1.Buy high-efficient power supplies that are really outputting the amperage it says it does.
These manufacturers include EVGA Enermax,Thermaltake,Superflower,Corsair and avoid the non-famous ones.
2.In case you buy a power supply from unfamous and not that popular manufacturer just make sure you add extra 50-100Watts more than you need just in case the effiency is not good enough for modern gaming machines.
For example if your GPU requires 500Watts add extra 50-60 and buy 600 Watts.
3.Do not trust what you see on the label but look at reviews of other users and actual peromance.For high-end machine its important that you have high-end power supply.The risks of buying not good and powerful enough power supply is to burn the others parts if its protection fails or in the best case scenario to shut down the system.
4.Look at the overall quality of product(perfomance,capacitors,etc) Thanks for the idea/point to @tzzsmk.
You might already know that but just in case as a reminder ;].I wanted to share my non-expert opinion for power supplies and raise the problem of how important one power supply is in a modern high-end gaming machine.Don't underestimate that otherwise you will end up buying a new cpu,gpu,motherboard and whole computer.Also overclocking really shortens your power supply and cpu,gpu lifespan.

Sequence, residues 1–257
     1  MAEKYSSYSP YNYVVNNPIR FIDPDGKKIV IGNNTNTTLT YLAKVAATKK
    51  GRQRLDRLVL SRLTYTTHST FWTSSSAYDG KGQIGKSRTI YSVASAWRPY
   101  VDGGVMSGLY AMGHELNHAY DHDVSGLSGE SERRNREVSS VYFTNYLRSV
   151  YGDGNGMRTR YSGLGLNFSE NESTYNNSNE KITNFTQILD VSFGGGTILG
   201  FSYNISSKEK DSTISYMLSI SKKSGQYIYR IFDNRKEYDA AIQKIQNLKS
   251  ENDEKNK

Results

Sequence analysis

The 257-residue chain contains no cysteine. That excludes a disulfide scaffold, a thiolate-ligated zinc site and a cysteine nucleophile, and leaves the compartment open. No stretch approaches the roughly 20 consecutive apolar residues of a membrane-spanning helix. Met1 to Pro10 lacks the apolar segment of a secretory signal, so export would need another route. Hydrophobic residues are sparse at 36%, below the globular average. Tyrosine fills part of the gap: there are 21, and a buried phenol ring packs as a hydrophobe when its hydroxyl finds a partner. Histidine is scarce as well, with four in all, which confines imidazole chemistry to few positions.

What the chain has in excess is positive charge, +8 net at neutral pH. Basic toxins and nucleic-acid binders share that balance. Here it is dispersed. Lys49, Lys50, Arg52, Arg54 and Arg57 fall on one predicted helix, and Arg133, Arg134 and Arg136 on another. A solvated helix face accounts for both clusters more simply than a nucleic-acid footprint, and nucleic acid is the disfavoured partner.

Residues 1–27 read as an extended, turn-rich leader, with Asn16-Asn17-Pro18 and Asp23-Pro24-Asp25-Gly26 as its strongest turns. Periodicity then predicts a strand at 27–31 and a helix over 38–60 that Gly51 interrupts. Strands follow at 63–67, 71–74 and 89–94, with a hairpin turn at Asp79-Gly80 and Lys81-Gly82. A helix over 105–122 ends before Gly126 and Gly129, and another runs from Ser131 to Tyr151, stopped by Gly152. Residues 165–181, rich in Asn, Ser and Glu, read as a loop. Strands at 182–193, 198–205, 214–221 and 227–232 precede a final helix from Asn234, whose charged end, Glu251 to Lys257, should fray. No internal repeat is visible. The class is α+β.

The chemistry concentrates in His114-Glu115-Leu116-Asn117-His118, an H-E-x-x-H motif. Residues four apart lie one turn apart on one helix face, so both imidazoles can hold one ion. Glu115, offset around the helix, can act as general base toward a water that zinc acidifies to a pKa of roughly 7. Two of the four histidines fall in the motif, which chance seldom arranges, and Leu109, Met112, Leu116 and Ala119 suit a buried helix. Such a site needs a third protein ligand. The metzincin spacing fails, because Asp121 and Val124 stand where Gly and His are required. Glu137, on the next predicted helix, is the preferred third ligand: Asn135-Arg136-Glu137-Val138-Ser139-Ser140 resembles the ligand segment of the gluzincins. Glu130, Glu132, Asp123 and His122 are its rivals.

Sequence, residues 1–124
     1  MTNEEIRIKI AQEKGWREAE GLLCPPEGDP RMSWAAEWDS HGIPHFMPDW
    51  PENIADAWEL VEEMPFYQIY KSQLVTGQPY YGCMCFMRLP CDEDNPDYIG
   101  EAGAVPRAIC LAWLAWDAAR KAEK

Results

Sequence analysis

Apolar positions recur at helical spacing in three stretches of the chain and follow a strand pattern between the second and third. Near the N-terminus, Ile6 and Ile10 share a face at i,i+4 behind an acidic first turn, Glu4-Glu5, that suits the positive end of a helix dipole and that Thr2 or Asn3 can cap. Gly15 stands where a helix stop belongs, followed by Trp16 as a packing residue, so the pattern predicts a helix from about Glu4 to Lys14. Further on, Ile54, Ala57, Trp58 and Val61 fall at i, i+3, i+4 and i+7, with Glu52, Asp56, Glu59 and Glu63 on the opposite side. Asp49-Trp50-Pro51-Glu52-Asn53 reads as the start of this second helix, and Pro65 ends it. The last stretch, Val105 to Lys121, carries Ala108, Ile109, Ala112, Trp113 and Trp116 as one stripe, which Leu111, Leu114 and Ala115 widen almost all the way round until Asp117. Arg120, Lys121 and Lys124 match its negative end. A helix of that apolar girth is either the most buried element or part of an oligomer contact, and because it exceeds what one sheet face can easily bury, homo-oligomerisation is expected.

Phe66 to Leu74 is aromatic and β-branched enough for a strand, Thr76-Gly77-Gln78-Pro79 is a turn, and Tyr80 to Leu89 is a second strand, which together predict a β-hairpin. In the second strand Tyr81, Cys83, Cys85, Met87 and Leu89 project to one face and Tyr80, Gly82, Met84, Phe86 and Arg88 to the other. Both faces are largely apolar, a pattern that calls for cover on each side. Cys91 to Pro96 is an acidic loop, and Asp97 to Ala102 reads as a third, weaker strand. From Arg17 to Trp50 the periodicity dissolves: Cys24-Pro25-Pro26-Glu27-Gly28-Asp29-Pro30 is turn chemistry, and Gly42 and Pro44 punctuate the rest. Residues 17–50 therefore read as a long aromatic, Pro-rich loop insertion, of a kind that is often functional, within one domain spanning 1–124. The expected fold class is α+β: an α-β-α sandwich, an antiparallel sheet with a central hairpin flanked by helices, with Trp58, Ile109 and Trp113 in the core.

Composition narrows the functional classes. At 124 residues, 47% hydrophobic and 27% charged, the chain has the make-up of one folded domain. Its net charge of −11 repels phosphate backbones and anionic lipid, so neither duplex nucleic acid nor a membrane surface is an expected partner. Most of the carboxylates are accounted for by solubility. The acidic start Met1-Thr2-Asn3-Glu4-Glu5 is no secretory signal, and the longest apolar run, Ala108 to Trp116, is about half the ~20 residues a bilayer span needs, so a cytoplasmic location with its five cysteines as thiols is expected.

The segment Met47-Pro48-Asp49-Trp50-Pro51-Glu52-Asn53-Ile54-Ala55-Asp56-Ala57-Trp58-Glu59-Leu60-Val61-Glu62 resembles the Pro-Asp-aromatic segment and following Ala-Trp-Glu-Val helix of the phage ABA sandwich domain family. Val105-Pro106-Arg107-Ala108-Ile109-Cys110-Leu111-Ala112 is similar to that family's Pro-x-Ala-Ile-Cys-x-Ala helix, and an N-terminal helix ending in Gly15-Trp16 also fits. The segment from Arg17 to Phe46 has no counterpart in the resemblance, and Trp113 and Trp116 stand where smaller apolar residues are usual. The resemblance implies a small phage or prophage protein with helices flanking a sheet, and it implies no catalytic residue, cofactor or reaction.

Hope you find this useful.Thanks for reading!
Table of nominal and real output of power supplies in Ampers:
200 Watts – 17 Ampers @ 12V
300 Watts – 25 Ampers @ 12V
400 Watts – 33 Ampers @ 12V
500 Watts - 42 Ampers @12V
600 Watts – 50 Ampers @ 12V
700 Watts – 58 Ampers @ 12V
800 Watts – 67 Ampers @ 12V
900 Watts – 75 Ampers @ 12V
1000 Watts – 83 Ampers @ 12V
1100 Watts – 92Ampers @ 12 V
1200 Watts – 100 Ampers @ 12V
1300 Watts – 108 Ampers @ 12V
1400 Watts – 117 Ampers @ 12V
1500 Watts – 125 Ampers @ 12V
1600 Watts – 133 Ampers @ 12V
1700 Watts – 142 Ampers @ 12V
2000 Watts – 167 Ampers @ 12V